San Francisco, CA – On demand services have been a trend that just continues to pick up steam and the we’ve noticed healthcare being no exception. Lantern, Honor, and Kurbo Health are exploring the thinking beyond the HCP and leveraging thousands of allied healthcare workers to improve our access to quality care.
The next panel at Rock Health focused on the rise of these types of services in healthcare. They are being pushed by companies like Honor, Lantern and Kurbo Health to rethink quality of care. Each of these companies uses innovation and scale to effect change is some dated aspects of the healthcare industry. It was a more of a side note this pane, but one of the biggest takeaways was that all three of these companies seemed to have the same answer when asked what was next for them. They all agreed that the problems they are tackling are big enough. And, “As small company you need to pick the things that you can be really great at,” says Alejandro Foung.
These companies are paying special attention to quality of care. The biggest changes they are making to their respective companies is that of scale. By using technology they can more effectively pair up patients with specific needs and caregivers that have the corresponding skills. One of the biggest changes is that in these markets most of the companies are constrained by their proximity to patients and that everything is still done in pen and paper and often managed by one person causing a bottleneck if that person doesn’t come into work that day. These companies have created networks allowing for broader reach and eliminate bottlenecks that often occur.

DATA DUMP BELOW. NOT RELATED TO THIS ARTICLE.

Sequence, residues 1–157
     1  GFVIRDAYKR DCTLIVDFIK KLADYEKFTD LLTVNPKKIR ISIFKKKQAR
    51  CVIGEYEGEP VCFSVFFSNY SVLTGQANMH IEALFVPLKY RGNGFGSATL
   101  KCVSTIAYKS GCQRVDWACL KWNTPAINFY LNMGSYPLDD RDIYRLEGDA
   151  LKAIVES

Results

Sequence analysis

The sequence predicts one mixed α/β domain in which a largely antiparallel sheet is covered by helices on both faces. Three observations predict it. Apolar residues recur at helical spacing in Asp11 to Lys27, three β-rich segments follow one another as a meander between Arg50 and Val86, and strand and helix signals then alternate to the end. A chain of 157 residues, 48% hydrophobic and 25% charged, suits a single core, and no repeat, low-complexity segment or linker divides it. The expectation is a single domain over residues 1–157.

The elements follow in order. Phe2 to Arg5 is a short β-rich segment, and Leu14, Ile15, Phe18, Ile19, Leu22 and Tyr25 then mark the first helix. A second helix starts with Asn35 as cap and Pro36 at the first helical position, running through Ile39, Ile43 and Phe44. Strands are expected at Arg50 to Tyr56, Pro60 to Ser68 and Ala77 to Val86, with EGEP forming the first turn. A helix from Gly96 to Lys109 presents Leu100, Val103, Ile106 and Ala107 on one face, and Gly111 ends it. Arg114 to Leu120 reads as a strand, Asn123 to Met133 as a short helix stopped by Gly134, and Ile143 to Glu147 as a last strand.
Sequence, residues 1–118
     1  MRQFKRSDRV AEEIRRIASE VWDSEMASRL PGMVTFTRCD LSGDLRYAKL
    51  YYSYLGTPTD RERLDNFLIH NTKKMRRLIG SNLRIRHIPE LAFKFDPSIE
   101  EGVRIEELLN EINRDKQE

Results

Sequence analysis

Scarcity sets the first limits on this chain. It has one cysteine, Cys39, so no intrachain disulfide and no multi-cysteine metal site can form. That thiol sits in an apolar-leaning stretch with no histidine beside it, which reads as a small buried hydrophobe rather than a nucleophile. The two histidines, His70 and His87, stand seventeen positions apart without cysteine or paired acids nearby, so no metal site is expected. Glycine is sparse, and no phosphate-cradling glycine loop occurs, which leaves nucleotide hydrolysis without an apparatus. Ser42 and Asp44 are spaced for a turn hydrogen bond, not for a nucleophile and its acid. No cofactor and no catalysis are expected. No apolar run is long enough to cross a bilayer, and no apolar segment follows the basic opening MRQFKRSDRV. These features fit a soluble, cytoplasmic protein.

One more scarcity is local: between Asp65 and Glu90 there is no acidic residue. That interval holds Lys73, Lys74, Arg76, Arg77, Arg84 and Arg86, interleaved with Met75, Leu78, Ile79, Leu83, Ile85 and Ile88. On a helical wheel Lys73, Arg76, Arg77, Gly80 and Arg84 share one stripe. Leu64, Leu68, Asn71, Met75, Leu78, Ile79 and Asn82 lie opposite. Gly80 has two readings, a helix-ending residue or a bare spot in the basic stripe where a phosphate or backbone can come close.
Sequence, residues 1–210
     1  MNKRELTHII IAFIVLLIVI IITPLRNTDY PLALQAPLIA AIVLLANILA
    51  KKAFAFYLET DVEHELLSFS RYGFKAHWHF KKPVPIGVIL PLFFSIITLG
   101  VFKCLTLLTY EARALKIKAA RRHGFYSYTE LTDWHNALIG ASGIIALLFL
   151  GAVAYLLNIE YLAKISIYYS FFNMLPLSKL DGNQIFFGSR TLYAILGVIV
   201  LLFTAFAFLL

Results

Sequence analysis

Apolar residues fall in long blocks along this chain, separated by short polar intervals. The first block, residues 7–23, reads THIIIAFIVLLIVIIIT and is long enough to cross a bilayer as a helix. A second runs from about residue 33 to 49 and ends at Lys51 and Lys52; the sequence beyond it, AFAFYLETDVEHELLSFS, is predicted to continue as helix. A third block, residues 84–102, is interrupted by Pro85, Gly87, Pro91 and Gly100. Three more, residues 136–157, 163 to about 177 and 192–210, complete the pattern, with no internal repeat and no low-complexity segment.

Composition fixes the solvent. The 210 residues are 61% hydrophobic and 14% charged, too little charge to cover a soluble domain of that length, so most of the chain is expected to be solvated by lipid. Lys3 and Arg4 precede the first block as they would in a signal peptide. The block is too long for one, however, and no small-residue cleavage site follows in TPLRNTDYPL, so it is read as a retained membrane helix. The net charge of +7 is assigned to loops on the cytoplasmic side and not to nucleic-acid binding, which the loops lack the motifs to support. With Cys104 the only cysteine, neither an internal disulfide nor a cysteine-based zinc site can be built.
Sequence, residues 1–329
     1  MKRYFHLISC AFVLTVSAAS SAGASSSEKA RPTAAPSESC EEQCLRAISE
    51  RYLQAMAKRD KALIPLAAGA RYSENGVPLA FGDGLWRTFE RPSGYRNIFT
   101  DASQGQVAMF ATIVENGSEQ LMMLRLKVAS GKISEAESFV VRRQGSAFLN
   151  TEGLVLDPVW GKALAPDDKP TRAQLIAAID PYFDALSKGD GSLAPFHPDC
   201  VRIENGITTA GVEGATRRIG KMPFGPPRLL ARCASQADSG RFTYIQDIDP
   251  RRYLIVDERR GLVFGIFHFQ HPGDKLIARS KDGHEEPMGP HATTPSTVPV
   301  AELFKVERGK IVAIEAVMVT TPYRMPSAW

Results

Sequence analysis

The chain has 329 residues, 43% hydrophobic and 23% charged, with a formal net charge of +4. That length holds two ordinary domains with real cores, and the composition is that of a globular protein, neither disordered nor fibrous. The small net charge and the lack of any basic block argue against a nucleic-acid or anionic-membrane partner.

Whether it be a caregiver from the Honor company or a obesity coach from Kurbos, the consumers is put first. These special match’s are made possible by the networks of employees that technology is allowing these companies to build and send out into the field. Honor Founder Sandy Jen stated that, “We have to be perceived as a “human company” with a relationship, rather than a technology company. Technology can’t take place of a human bond. The line is drawn where the service has to be fantastic, so the technology can fade into the background. In healthcare the service isn’t transactional. It is important to figure out the quality interaction necessary to uphold a high standard of care.” This important distinction is something that has to be remembered as the healthcare industry moves into a more technology enabled industry.